Monday, March 4, 2013
Fist-fights and hilarity reigned at the State Capitol on this date in 1921. While Non-Partisan Leaguers attempted a political coup, their rivals, led by two Irish attorneys, fought back long into the night. The entire comedic drama ended well past midnight in the chambers of State Supreme Court Justice Luther Birdzell.
The entire charade began as a minor political maneuver on the part of Attorney General William Lemke. Lemke, a staunch League member, hoped to discredit political rivals serving in the House of Representatives. The League-controlled Senate, led by Lemke, brought up charges against the House and proposed an investigation into expenses, issuing subpoenas for attorneys Francis Murphy and John Sullivan, two local Irishmen who served as counsel for the House Audit Committee.
Murphy and Sullivan were to appear before the Senate at 7 p.m., but the two men believed the actions of the Senate to be unconstitutional and ignored the requests. At 9 p.m., Lemke ordered their arrest, and they were quickly found in a Bismarck theater. When arraigned before the Senate, however, both men refused to testify. A shouting match ensued, with League members calling for the belligerent attorneys’ imprisonment, and others calling for their release. Several motions were made and ignored, and although the warrant against Murphy was dismissed, a second warrant was issued for the re-arrest of Sullivan, who refused questioning once again. A fist-fight erupted between former State Auditor Carl Kezitzky and a Leaguer at the doors of the Senate chamber. Despite Kezitzky’s victory, League members won a vote to jail Sullivan.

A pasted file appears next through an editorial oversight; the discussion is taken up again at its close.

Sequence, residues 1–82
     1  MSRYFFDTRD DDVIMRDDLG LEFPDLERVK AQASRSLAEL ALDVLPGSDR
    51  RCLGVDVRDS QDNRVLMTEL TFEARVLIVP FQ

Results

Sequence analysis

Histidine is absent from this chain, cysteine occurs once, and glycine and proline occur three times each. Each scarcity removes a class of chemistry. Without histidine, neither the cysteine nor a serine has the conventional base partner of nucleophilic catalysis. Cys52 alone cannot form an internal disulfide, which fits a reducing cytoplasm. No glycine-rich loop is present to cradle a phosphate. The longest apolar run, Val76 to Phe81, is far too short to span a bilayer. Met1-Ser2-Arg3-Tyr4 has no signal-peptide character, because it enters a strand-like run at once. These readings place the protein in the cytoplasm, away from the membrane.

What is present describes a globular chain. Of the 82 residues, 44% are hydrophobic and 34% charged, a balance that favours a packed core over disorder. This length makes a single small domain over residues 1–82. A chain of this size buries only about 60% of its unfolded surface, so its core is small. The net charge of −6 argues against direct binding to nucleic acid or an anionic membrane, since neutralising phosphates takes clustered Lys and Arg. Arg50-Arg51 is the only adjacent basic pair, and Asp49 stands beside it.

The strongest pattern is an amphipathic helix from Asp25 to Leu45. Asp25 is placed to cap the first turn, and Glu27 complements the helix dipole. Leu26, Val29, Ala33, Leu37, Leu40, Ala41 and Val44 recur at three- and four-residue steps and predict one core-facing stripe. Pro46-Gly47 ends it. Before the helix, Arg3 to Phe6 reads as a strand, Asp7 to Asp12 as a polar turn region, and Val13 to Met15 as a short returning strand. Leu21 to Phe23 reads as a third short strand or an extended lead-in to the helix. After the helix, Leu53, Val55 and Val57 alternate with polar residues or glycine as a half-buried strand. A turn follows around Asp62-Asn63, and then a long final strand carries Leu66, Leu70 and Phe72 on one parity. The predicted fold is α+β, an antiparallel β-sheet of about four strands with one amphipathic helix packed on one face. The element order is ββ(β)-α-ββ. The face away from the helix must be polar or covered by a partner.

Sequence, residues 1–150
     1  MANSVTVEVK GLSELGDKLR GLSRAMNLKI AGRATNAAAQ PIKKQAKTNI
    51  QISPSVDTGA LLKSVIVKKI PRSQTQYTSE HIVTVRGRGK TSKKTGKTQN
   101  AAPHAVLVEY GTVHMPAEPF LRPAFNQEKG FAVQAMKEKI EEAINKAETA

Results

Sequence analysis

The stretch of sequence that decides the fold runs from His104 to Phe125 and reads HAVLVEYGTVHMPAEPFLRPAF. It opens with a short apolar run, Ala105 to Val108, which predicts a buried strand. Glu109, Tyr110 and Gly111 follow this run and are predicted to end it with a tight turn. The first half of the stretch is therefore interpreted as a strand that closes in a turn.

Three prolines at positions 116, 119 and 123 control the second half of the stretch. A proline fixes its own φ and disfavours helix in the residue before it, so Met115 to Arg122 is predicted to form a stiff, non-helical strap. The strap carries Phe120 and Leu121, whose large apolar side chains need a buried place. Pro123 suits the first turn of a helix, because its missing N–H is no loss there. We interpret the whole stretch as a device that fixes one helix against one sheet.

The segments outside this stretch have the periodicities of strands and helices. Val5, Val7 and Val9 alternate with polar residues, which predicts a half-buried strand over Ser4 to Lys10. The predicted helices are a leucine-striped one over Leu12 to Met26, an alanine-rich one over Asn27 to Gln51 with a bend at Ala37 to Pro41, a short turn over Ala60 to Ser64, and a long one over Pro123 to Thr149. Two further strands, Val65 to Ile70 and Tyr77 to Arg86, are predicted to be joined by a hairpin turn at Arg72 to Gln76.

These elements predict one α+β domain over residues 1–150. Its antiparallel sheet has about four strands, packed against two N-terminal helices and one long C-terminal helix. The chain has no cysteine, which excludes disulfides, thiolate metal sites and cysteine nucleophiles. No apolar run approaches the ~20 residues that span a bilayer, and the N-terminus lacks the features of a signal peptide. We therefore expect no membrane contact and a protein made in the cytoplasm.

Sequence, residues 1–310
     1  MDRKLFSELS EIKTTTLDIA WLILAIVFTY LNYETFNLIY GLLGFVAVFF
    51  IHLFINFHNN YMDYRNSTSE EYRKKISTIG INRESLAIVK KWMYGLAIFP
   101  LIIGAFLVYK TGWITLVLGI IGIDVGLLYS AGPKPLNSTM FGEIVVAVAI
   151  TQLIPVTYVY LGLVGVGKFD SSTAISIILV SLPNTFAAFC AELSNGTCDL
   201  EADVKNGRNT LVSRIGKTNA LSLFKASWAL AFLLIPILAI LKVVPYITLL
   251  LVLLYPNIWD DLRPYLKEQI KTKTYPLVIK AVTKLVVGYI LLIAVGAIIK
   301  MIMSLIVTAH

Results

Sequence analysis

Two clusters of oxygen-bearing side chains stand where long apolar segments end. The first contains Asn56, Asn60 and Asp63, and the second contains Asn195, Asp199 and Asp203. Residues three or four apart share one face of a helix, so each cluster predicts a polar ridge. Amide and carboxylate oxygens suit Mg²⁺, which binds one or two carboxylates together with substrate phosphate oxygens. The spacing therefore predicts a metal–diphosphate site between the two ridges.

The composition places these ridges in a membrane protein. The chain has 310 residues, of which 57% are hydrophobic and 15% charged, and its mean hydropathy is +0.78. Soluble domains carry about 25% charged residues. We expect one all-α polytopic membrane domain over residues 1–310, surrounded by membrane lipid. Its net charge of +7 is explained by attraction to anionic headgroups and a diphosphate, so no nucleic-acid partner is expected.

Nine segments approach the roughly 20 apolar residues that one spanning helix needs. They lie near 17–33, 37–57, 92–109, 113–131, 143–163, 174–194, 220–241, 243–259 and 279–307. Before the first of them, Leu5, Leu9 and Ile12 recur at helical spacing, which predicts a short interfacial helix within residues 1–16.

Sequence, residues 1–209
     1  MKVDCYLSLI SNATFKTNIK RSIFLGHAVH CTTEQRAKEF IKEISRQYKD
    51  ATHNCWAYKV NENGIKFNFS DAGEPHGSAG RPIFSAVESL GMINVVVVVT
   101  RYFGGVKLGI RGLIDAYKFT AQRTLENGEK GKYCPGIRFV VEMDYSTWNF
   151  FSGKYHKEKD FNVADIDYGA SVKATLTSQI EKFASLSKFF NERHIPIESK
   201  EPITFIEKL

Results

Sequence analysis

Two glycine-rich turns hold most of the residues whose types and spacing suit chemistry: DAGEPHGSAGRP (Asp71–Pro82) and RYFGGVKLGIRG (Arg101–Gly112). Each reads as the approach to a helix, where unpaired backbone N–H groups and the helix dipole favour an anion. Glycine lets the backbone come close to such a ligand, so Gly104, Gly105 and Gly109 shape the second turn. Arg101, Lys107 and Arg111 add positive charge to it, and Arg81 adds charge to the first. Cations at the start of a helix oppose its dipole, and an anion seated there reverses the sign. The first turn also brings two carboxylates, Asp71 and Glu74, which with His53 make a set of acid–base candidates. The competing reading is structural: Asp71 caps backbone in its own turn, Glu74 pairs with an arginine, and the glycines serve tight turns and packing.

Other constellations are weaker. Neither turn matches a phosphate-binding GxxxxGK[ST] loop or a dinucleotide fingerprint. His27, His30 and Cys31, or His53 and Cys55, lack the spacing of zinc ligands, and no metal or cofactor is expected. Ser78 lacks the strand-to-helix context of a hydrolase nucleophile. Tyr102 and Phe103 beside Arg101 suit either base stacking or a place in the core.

While he was being escorted from the chamber, a second fight broke out in the corridors of the building between Seaman Smith, former County Sheriff of Golden Valley, and a local steamfitter. A third fight was also recorded in the Supreme Court Law Library between the former State Auditor and the son of the State Bank Examiner.
Finally, shortly after midnight, the matter was brought before Supreme Court Justice Birdzell. Birdzell ruled in favor of Sullivan and the House of Representatives and ordered Sullivan’s immediate release from jail. He ruled that the Senate had no basis to investigate the House and condemned the “…brawls, fist-fights, and scenes of wildest disorder” that reigned in the Capitol that evening.
Dakota Datebook written by Jayme L. Job
Dill, Joseph (ed.). 1988 North Dakota: 100 Years: p. 29. The Forum Publishing Company: Fargo, ND.
The Forum and Daily Republican. Saturday (Evening ed.), March 5, 1921; XLIII(91): p. 1.